×
These Robotic Lenses Let You Zoom In With The Blink Of An Eye

These Robotic Lenses Let You Zoom In With The Blink Of An Eye

This new technology uses the electrical signals produced by eye movements to measure to read the commands.

While some perceive the prevailing technological advancements as a boon, there are others who cannot help but take a look at the dark side of it. Taking inspiration from the same,  many series have adopted the same concept and portrayed brilliantly how this progressive step could potentially be mankind's downfall. With the creation of a recent gadget, it seems like mankind is on its way to the predicted future. That being said, no one knows what the future holds and whether it is for the best or not, only time will tell. For now, we cannot help but marvel at the latest development of contact lens the researchers at the University of California San Diego made. 



 

 

Combining the skilled study of robotics, the experts have created a new form of soft robots that is unlike anything you have seen. This latest study published in the Advanced Functional Materials explains how this new type of robotics is a step forward in this field which functions with the help of natural electrical signals produced by eye movements unlike the other bendable soft robots which can only be controlled manually or with the help of pre-written programs. According to a report by PEOPLE, the researchers use electrooculographic signals which are generated by the human eyes to measure the movements. This, in turn, is used to make a kind of biometric lens that would easily respond to normal eye movements such as looking side to side or up and down, and blinking. 



 

 

The feature that has caught everyone's attention is the fact that using a certain way of blinking, the lens could easily change their focal length. Yes, that's right. It allows the wearer to zoom in and out as required. Did you know that the human eyeball maintains a steady electrical potential between its front and back of the eye even when it's completely closed? Irrespective of the availability of the amount of light, the electrical signals work the same as it is based on the eye movements. So, this means that it would work the same for a person with a vision and for one without. In a way, it helps a person who cannot see by creating visual prostheses.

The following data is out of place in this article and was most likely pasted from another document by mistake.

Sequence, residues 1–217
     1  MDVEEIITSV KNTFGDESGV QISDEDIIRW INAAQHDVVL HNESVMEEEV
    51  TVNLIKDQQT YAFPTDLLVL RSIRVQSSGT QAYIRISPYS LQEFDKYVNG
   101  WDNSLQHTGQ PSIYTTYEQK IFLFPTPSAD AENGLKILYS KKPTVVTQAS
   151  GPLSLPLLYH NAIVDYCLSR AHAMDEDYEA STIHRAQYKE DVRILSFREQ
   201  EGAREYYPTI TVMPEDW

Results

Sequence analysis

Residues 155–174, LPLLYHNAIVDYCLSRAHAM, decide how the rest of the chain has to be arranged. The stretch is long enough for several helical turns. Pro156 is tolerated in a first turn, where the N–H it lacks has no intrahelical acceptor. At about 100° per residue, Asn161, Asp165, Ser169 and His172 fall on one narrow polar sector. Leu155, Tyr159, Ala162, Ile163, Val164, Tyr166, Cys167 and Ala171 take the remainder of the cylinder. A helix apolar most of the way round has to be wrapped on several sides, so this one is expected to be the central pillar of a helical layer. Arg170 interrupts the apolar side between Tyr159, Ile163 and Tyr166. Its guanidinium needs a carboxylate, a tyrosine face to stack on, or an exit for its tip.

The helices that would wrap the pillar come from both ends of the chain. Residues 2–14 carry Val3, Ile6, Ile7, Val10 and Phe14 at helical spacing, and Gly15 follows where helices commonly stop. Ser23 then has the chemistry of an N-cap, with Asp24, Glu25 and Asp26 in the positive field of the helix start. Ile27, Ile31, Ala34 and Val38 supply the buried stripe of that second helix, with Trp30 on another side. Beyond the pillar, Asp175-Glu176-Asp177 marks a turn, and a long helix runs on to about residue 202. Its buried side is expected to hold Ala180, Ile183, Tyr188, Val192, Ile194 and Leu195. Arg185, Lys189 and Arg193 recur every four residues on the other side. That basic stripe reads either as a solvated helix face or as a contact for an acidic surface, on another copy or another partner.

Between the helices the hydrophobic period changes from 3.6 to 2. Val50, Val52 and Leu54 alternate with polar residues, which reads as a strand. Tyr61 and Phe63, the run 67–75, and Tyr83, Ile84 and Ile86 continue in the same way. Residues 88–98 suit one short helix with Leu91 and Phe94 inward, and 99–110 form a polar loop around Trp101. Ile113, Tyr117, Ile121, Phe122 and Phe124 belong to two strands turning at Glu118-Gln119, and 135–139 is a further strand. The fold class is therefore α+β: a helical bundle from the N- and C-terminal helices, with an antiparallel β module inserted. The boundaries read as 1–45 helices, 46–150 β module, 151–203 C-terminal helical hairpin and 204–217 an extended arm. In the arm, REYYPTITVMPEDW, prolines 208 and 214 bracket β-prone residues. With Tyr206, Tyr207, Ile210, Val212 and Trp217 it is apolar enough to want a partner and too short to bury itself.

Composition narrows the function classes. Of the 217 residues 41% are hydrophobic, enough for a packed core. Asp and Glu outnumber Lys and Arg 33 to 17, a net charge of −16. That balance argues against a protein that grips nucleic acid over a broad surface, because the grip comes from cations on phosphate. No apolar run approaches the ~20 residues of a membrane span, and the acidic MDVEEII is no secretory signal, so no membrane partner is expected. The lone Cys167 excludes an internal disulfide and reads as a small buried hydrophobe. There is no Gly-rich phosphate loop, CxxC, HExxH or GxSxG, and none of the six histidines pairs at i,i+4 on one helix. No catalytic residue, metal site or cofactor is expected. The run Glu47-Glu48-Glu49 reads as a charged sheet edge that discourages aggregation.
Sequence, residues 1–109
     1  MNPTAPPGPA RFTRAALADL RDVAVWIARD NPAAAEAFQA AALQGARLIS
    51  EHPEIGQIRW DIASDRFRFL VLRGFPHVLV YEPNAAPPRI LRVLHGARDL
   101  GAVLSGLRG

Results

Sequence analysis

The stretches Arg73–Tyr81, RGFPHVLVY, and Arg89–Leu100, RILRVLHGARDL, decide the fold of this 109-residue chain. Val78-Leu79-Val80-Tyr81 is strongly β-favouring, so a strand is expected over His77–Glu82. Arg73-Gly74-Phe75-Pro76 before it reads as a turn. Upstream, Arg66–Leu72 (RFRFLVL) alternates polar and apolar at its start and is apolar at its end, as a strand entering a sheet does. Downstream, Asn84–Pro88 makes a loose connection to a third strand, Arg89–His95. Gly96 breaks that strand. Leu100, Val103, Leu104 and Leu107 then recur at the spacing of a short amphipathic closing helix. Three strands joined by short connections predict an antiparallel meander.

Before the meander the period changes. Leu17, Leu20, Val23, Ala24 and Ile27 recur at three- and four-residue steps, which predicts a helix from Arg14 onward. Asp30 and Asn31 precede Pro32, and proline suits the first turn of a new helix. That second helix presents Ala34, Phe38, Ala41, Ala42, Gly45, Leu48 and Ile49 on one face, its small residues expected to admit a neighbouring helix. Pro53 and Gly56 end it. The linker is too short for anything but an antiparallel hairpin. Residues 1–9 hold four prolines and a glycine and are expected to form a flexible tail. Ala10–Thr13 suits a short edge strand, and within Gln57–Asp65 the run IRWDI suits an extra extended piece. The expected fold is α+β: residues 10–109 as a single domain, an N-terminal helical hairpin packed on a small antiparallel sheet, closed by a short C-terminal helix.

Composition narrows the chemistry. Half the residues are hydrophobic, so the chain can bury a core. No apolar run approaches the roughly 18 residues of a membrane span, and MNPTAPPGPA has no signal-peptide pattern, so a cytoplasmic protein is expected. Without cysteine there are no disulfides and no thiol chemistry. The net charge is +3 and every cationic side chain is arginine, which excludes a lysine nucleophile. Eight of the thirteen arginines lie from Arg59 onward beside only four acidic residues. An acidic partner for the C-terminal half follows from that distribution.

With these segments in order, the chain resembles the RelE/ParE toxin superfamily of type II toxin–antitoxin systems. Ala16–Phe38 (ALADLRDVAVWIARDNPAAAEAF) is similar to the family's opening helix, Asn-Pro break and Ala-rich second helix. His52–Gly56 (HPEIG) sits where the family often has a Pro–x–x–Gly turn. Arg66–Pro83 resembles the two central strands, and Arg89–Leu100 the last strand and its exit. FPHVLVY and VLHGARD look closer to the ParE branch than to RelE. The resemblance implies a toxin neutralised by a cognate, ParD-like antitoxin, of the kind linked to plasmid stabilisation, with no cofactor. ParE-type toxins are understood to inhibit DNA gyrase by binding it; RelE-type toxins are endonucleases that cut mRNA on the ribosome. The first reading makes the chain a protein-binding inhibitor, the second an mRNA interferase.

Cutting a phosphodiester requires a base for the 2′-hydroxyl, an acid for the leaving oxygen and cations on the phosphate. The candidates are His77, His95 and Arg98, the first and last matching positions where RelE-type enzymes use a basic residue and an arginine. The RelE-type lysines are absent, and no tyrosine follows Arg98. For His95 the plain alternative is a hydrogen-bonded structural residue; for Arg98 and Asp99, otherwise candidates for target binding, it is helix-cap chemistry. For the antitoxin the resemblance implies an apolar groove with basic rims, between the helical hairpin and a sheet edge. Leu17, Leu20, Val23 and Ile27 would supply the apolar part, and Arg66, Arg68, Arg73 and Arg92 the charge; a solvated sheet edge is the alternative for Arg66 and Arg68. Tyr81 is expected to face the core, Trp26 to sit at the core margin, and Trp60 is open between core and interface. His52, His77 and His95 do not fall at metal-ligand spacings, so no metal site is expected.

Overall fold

Shengqiang Cai, the lead in this research explained to New Scientist how the lens works. "Even if your eye cannot see anything, many people can still move their eyeball and generate this electro-oculographic signal," Cai said. The study reads as follows: "In this study, we developed an HMI [human–machine interfaces] between human eyes and a soft biomimetic lens, which was mainly composed of electroactive polymer films. The change of the focal length and the motion of the soft lens closely resembled those of human eyes, which were achieved by the electrical potential-induced actuation of dielectric elastomer (DE) films."

Representative Image
Source: Getty Images

 

Elaborating further, the study explains how the placement of the lens helps conduct the electrical signals, "An electroactive DE film is composed of a soft dielectric layer sandwiched between two compliant electrodes. When an electrical potential is applied between the two electrodes, the soft layer can instantly expand its area and reduce its thickness through the action of Maxswell stresses." In addition to it reads, "The biomimetic lens built by us contained multiple separated DE films (Figure 1), actuation of which were controlled by EOG signals. EOG signals reflect the change of electrical potential difference between the cornea and the ocular fundus of eyes, which is closely associated with the eye movements."

Representative Image
Source: Getty Images

 

There are several diagrams present in the study which effectively demonstrate how their findings work. Interestingly, they also provide a graph that displays the signals that the lens receives with the different movements made by the eyeball. Finally, the experiment concludes, "In this study, we have developed an interface between the human eyes and a soft tunable lens. The EOG signals generated by the eye movements were used to control the movements and the change of focal length of the soft lens. The planar movements or rotations of the lens could be achieved by the actuation of different DE films. The motions and deformation of the soft lens mimicked that of human eyes." They claim to enlarge objects as much as "32% through deformation." However, further research is required in the future regarding this. 

Representative Image
Source: Getty Images

Recommended for you